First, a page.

Before pitching a story idea, carefully prepare the selected expert or experts so that they can abide by firm, legal ethics and media rules without getting flustered. Know what the message is. Anticipate what a reporter might ask – including negative questions. Devise a number of concise quotes or “talking points” and practice them ahead of time. Be prepared to fit the story into a larger context.
Make sure lawyer-experts understand that a reporter in search of balance in a news story will talk to other experts as well. Almost always, the lawyer will be just part of the story, not the entire story. Be prepared with a list of other contacts and resources on the subject to provide to a reporter. A reporter will always appreciate and return to sources that help them write a good, well-researched story.
Law firms should create and distribute to the media a series of “subject matter expert guides.” A guide can be prepared for each lawyer who is willing and able to interact with the media. It includes a one-paragraph bio as well as a list of newsworthy story ideas or areas of interest a particular lawyer can address, such as marijuana laws, homeowners associations or eminent domain.
A subject matter expert guide includes a photo, and is also a good place to list the lawyer’s management role within the law firm and willingness to speak out on legal industry topics, such as associate pay, lateral moves of partners or law firm mergers. Expert guides also serve as great internal tools for generating ideas for blog posts, alerts, white papers or tweets.
Before speaking with the media, lawyers should be familiar with the legal ethics rules governing profession-specific issues like client confidentiality, conflicts and what can and cannot be said when discussing a case in litigation.
Making Your Pitch to the Media
Following development of a newsworthy story idea and selection of a qualified lawyer-expert, the third step in a successful media policy is to actually pitch the story idea.
Identify the best media outlets for a newsworthy story idea. These could be mainstream print, television or radio; “niche” trade or business publications; or any number of online content sites.
Once an outlet has been identified, determine the most appropriate reporter within that outlet. Some publications still assign certain editors and reporters to specific beats, but many more currently use generalists. Find out who has written in a related subject area before. Reference the firm’s familiarity with the reporter’s work. Customize the pitch. Never pitch an idea as an “exclusive” unless it is actually an exclusive. Use exclusives to reward reporters who have treated the firm well.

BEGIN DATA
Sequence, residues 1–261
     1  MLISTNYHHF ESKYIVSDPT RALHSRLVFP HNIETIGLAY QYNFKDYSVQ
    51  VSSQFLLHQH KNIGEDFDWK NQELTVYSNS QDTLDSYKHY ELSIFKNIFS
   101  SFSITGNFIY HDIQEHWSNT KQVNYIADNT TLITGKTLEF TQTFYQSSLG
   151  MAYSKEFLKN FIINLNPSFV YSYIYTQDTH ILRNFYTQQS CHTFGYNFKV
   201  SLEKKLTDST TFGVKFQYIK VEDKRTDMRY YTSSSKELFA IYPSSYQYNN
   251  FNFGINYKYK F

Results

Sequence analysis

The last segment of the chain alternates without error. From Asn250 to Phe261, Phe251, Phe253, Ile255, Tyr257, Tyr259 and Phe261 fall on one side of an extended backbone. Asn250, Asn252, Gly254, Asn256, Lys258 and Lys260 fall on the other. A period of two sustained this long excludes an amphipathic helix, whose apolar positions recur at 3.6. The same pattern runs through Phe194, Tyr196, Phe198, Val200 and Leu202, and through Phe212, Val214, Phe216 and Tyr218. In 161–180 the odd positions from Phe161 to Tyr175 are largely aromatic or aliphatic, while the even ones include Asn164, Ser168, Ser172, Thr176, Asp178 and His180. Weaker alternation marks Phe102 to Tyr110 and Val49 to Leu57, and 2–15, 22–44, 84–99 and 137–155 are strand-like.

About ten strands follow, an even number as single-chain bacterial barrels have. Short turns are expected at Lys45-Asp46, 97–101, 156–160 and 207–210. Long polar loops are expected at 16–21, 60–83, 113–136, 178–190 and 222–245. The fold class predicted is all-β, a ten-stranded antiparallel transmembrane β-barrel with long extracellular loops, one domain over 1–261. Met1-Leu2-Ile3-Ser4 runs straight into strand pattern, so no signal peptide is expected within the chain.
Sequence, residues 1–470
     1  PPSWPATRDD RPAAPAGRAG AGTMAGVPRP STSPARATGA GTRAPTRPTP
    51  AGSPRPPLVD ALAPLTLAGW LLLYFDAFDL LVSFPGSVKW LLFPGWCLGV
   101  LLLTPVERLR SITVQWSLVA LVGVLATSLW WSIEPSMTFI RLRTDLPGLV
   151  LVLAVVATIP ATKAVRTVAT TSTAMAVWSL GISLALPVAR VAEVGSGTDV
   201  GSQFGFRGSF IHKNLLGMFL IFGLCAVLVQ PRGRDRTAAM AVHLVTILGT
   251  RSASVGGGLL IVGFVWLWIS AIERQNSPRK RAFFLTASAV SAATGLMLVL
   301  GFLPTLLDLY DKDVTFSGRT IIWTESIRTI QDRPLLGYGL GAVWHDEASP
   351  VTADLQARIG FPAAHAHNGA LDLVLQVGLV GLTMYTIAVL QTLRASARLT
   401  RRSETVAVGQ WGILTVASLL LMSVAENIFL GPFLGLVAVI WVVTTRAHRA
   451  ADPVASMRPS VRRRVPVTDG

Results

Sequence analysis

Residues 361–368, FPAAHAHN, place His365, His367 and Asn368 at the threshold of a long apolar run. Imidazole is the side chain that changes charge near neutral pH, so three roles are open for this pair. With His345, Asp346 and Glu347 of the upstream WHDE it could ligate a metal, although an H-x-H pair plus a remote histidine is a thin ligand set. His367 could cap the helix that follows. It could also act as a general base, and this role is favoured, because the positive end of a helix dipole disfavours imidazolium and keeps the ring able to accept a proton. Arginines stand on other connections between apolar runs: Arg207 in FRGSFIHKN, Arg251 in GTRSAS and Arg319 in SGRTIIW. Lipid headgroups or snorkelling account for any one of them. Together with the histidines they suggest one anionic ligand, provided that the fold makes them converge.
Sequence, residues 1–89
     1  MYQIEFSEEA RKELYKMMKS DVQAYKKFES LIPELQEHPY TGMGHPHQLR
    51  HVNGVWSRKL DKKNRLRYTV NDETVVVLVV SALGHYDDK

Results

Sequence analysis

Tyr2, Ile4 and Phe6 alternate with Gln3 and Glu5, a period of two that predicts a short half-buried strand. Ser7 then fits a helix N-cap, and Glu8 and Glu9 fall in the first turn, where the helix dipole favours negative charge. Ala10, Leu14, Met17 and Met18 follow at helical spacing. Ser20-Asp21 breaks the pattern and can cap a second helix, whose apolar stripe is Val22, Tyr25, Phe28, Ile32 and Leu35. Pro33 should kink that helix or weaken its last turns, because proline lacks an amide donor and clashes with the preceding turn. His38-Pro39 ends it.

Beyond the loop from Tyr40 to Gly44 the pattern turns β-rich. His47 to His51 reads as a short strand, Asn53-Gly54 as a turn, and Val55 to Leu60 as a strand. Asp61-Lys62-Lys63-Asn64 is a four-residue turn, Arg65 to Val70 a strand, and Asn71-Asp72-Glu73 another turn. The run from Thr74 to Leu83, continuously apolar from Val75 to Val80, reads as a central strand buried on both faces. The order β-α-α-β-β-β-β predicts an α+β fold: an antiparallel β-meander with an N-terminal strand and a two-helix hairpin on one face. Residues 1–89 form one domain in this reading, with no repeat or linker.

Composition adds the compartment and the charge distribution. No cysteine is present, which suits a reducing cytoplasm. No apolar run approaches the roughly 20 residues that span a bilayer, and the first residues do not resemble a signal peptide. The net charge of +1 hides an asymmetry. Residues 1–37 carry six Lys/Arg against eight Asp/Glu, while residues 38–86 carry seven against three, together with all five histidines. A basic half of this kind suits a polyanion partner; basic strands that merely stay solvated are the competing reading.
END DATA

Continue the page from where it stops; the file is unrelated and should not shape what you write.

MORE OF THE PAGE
Many reporters prefer to receive pitches by email. Others prefer a phone call. A pitch for a newsworthy story differs from a press release. It is a “hook,” not the whole story. A pitch is brief, factual and demonstrates why the idea is newsworthy. It avoids hyperbole, which alienates reporters. It offers a credible expert, a photo opportunity, a promise to follow up and accurate “live” contact information.
A law firm should never assume that the fact that it buys paid advertising in a publication means that the publication’s editors and reporters will accept its pitch for an article idea. Most publications draw a clear line between advertising content and editorial content. A legitimate media outlet will be highly offended if the firm hints at a “pay to play” arrangement where none exists.
During the Interview
Once a reporter has responded to a law firm’s pitch, the subject matter expert must understand his or her rights in the interview process.
Before an interview, ask about the context of the story. Ask if a list of questions can be reviewed ahead of time (sometimes a reporter will provide this). Do some background research on the reporter, to determine the tone of the reporter’s usual work. Find out who else might be interviewed for this particular story. Do some research to understand these sources’ points of view.
Ask for permission to videotape or record the interview yourself or, alternatively, for a tape/copy of the interview. There may be a charge associated.
During the interview, an interviewee has the right to courteous treatment. A subject matter expert can refuse to answer questions that are pejorative or insulting, but should remain courteous when doing so. A legal expert can refuse to answer questions that involve client confidentiality, conflicts or litigation, but can and should refer the interviewer to another source who might be able to provide the answer.
An interview subject has the right to request that difficult or confusing questions be re-phrased. The interviewee who is not sure of something should always be comfortable saying, “I don’t know that answer right now, but I will find out for you.” Then, get back to the reporter as soon as possible.
Finally, a legal expert should never ask to review an article before it goes to print. The expert can offer to do so in order to help the reporter, but should never make a direct request.
Lawyers and law firms are often needlessly concerned about working with the media. With a clear understanding of what is newsworthy, a list of qualified subject matter experts, the right pitch to the right reporter and an understanding of the interview process, media relations can be a great way for law firms to earn an enhanced reputation within a targeted marketplace.Copyright © 2012, Janet Ellen Raasch